Direct Marketing Association
Mobile shoppers just aren't happy yet with the mobile buying experience. Matthias Clock, the content marketing "chef" for eTail West 2015, believes he has the solution to the problem that IBM brightly highlights with its Holiday 2014 synopsis. About 45 percent of e-commerce traffic came from mobile devices, while mobile sales totaled 22.6 percent, IBM reports. The difference for smartphone users is even starker: While being 31.2 percent of e-commerce shoppers, smartphone users only converted there as 9.1 percent of all Web buyers.
When I look at the world of advertising, by way of my career path through the Direct Marketing Association and Harte Hanks and now with the Digital Advertising Alliance—I confess I've been a "direct response" snob by training. (As a PR guy, I tend to enjoy Kool-Aid.)
On Monday, the Postal Regulatory Commission freed the U.S. Postal Service up to possibly raise rates on postage. Both the PRC and USPS used language in the PRC decision indicating an inflation-based postage increase may coincide with the expiration of an exigent rate increase. The exigent rate increase is designed to help the postal service recover after the Great Recession. On Tuesday, the Direct Marketing Association reacted with a statement emailed to Target Marketing.
The Direct Marketing Association conference in San Diego this past October was pathetically small. The number of exhibitors was few, compared with the size and action 20 years ago. The reason: Sad-sack promotions.
From marketers with millions or billions in annual revenue to the individual who finally decided to sell that "Casablanca" LaserDisc years after getting rid of the player, the case heard Monday by the Supreme Court of the United States may affect all of them. All states may ultimately force all marketers to collect sales tax. But what concerns the plaintiffs—the Direct Marketing Association—even more is that states may also force marketers to turn over information about the buyers, and states may have the right to do so without sellers being able to fight it in federal court. The court is expected to issue a ruling in DMA vs. Brohl by June 2015.
For direct marketers, the Direct Marketing Association (DMA) is the legacy trade association in a sea of upstarts. DMA's been reinventing itself, positioning itself as a data-driven organization. Just before DMA2014, the organization brought Lindsay Hutter on board as its new SVP of communications. Target Marketing interviewed Hutter on Oct. 23. This is the full interview with Hutter, who joins DMA after her years at New York-based PR firm Hill+Knowlton and the National Association of Convenience Stores (NACS).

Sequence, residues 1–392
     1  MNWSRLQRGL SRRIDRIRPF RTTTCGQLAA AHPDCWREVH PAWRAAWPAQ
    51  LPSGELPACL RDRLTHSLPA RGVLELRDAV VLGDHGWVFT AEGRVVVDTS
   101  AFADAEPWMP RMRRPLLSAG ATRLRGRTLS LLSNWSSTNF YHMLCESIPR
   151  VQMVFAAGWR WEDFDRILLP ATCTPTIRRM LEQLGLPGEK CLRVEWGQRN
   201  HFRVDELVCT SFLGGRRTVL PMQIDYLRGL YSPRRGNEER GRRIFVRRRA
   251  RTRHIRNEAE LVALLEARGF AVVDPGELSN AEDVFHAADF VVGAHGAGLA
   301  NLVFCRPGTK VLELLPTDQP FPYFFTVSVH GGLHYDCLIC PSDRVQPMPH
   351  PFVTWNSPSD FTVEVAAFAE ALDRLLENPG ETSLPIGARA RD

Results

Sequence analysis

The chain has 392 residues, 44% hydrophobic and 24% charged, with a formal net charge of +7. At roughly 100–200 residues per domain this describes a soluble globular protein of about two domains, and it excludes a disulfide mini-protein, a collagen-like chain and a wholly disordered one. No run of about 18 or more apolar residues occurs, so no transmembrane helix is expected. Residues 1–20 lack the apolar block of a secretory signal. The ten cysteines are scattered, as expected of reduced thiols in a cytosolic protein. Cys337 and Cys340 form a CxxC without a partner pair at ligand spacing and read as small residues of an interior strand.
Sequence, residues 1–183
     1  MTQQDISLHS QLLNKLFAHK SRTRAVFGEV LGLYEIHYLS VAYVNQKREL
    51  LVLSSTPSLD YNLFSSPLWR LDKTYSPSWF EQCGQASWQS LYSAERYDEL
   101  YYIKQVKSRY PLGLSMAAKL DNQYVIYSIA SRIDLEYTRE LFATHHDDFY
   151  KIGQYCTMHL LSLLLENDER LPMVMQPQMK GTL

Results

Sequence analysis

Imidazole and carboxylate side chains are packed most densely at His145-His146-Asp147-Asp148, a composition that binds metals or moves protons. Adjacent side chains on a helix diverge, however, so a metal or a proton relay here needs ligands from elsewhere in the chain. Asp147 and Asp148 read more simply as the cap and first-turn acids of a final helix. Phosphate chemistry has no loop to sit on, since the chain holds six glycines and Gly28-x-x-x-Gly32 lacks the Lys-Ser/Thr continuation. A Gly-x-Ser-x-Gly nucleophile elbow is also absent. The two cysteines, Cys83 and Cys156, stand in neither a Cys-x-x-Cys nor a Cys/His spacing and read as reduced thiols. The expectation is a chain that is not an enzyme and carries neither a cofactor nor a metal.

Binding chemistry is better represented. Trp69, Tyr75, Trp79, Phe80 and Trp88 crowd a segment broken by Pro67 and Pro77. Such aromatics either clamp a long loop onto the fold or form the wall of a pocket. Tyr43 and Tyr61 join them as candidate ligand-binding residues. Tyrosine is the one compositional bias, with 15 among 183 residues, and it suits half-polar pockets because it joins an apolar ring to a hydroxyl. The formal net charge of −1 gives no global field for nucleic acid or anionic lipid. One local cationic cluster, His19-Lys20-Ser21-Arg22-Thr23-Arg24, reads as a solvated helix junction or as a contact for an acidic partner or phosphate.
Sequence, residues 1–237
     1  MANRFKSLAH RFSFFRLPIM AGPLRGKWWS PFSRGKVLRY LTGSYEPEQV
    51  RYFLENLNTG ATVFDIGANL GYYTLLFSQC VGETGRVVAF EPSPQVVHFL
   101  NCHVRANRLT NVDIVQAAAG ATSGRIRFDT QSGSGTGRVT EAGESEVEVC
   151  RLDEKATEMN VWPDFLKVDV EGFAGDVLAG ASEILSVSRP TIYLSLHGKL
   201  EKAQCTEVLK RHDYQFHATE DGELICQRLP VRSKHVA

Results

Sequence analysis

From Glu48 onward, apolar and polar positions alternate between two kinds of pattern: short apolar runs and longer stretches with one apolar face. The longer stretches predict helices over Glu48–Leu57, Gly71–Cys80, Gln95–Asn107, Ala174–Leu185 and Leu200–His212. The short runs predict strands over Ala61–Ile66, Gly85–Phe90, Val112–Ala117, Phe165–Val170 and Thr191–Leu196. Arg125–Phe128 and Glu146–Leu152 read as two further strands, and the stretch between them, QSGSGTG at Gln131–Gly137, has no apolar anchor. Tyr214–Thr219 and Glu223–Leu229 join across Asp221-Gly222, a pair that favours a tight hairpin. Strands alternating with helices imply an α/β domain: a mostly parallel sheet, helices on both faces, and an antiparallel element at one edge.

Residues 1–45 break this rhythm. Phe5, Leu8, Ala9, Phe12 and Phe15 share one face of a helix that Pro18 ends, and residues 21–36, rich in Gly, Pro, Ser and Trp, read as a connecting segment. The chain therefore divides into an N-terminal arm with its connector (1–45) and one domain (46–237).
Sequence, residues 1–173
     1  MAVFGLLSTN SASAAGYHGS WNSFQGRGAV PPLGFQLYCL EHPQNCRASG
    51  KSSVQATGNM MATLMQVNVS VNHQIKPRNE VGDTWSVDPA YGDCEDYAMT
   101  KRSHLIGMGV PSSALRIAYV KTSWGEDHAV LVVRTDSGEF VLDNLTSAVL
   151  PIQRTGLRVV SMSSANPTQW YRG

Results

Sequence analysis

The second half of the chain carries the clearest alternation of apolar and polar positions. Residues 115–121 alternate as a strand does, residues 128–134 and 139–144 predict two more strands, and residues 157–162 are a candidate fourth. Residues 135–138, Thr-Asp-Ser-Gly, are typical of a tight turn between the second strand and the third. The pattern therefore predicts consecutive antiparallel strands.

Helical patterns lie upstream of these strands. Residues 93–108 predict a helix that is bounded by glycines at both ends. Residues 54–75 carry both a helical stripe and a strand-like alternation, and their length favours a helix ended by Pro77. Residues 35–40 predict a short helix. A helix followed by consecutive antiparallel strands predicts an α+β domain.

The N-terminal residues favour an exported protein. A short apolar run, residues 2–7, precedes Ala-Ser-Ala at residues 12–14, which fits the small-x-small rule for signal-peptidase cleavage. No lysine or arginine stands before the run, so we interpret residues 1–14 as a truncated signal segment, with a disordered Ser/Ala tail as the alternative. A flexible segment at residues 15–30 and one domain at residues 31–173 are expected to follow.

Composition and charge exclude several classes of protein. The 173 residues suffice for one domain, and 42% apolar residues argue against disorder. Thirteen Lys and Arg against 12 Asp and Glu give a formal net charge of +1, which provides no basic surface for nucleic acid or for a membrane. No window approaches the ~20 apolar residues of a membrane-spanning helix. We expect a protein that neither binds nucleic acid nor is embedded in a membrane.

Let me share with you three quick stories. Glad: Many years ago I bought a box of Glad tall white kitchen trash bags. I was carrying one full of garbage out the front door to leave for the sanitation truck when is suddenly split.
Sustainability in business is often referred to as "the triple bottom line"—financial, environmental and social. This past week, I had the opportunity to see firsthand how we—as marketers—address social sustainability, specifically our fostering of human resources and marketing talent. It is a critical need
If marketers want to ruin the customer experience, all they have to do is maintain silos and continue interdepartmental infighting regarding budgets and access to the C-suite, says Brenna Sniderman. Speaking on Tuesday afternoon at DMA2014 in San Diego, the senior director of research at Forbes Insights summarized research she performed in association with Teradata. "Breaking Down Marketing Silos: The Key to Consistently Achieving Custoner Satisfaction and Improving Your Bottom Line" finds silos are "a major problem" that hurt customer experience.
Earvin "Magic" Johnson's magnetic personality is something he begins cultivating when he wakes up at 4 a.m. each day. Speaking to direct marketers Monday at DMA2014 in San Diego, Johnson says he studies before every meeting in order to understand his audience and he's always "on time." Those are just a couple of the habits the former LA Lakers basketball player credits with helping him succeed in business. Johnson, however, underplays just how much work he puts into those efforts.